Churchill gets a CGI makeover as brand looks to get its edge back

Marketing News

Churchill is relaunching its brand with a new look and feel, and a campaign that aims to modernise perceptions and help it stand out in a crowded insurance market where price has come to dominate.

A new campaign, created by agency Engine, invites people to ‘Chur-Chill’. Its nodding brand mascot, Churchie, has been given a CGI makeover in order to make him fresher and more relevant to a modern audience.

In a TV ad he is seen riding a skateboard down a street in a spot meant to evoke the feeling of having insurance through Churchill. The campaign will run for eight weeks, including on radio, cinema, blipverts, sponsorship, social media and a Spotify tie-up.

The relaunch comes after audience research found that while Churchill was the ‘most-liked’ insurance brand it was starting to “lose its edge”. That was particularly a problem given that most people start their journey to buying insurance on price comparison websites, where price is the most important attribute.

“The brand is seen as dependable and reliable but lacked any real distinctiveness,” Churchill’s head of marketing Lucy Brooksbank tells Marketing Week.

“The market is cluttered and commoditised, so we need a modern and culturally relevant brand to ensure that we stand out from the crowd and gain that valuable click on a price comparison site.”

Modernising Churchie was seen as key to that. Brooksbank admits Churchill’s brand is “heavily reliant” on its mascot but that he was starting to be seen as “dated and old-fashioned”.

“Our audience’s relationship with the brand is only skin deep, heavily reliant on the love of the dog, but even his star was starting to fade,” explains Brooksbank. “An updated Churchill the dog was key to modernising the brand and remaining relevant.”

For the campaign, Churchill wanted to elicit an emotional approach, while also addressing perceptions of insurance companies as “out of touch” and “distant”. The aim was to show a brand that does the hard work so customers can chill, safe in the knowledge they are covered by its products.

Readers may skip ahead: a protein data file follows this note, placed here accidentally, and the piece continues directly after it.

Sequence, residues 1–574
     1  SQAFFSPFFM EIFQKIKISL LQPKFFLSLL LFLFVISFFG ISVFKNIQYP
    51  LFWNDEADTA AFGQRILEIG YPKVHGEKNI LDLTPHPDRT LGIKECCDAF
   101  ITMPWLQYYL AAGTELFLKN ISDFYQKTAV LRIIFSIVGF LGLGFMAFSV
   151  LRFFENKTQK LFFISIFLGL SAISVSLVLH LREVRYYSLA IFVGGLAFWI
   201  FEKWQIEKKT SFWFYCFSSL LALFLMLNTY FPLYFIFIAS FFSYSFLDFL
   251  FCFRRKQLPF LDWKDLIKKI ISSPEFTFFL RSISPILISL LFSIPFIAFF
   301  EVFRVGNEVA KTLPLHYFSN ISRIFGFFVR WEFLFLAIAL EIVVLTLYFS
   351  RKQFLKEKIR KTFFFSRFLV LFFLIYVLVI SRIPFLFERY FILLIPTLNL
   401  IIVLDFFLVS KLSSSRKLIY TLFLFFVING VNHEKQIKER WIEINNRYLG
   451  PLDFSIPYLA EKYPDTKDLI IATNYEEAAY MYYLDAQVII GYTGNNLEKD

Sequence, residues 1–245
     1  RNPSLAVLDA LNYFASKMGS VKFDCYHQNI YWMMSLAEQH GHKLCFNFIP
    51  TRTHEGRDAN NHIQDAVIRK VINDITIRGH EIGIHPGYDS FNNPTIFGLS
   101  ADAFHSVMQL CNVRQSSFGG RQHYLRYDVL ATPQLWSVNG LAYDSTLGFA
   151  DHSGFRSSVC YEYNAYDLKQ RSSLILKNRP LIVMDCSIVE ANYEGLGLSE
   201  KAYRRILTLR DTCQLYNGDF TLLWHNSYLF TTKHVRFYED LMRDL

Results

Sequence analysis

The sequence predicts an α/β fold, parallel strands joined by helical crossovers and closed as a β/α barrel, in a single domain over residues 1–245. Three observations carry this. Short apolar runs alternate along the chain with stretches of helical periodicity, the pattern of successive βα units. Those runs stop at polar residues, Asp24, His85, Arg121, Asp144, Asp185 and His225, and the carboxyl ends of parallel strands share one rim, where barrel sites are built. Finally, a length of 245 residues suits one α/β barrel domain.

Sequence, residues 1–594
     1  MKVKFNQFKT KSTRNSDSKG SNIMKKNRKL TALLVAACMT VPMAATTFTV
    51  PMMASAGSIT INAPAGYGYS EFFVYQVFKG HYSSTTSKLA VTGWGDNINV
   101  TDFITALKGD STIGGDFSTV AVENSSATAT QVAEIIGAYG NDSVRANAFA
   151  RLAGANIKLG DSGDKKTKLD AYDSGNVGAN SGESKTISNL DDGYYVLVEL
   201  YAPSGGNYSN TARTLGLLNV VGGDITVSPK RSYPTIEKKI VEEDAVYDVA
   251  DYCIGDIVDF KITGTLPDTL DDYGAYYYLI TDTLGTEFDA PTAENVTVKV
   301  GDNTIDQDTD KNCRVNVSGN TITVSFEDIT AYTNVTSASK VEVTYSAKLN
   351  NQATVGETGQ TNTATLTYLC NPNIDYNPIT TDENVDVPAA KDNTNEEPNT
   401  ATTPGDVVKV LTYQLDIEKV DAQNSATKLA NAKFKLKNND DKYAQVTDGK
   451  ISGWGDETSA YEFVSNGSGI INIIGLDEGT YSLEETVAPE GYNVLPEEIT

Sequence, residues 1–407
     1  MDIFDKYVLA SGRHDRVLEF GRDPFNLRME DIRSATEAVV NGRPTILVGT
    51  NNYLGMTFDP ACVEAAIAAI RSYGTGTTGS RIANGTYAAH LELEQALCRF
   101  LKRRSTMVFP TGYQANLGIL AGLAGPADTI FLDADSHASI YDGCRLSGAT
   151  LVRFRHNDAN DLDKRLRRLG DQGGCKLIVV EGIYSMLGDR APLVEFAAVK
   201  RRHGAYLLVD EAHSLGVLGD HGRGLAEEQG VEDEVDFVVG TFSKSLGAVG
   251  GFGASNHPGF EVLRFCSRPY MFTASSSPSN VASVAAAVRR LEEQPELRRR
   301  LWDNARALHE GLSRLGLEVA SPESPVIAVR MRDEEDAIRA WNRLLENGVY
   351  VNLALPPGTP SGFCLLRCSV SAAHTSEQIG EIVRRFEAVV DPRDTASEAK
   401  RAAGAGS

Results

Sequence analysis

Our audience’s relationship with the brand is only skin deep, heavily reliant on the love of the dog, but even his star was starting to fade.

Lucy Brooksbank, Churchill

The hope is that by eliciting an emotional response to the ad, when people visit a price comparison site they will be predisposed to pick Churchill.

“We want the new, ‘supercharged’ Churchill to deliver greater substance to the brand by reigniting that emotional connection, and helping people feel that we understand what matters to them,” says Brooksbank.

“We know that our communications will be at its most powerful if we elicit an emotional response. This was our opportunity to create a big leap forward in brand values and to radically change how people see Churchill.”

YouGov BrandIndex shows that Churchill is still among the top five insurance brands when it comes to consumer perceptions. Its Index score, which is calculated using a combination of metrics including Quality, Reputation and Satisfaction, is 9.5 and has been increasing over the past three years.

However, other brands, most notably Admiral and Churchill’s sister brand Direct Line, have been improving perceptions faster. Churchill now wants to “recreate” affinity with the brand to boost its perceptions and ensure its position as one of the top insurance brands.

“This is an opportunity to recreate the powerful feelings of affinity that many have for the beloved mascot and take a leap forward in radically changing how people see Churchill,” Brooksbank concludes.

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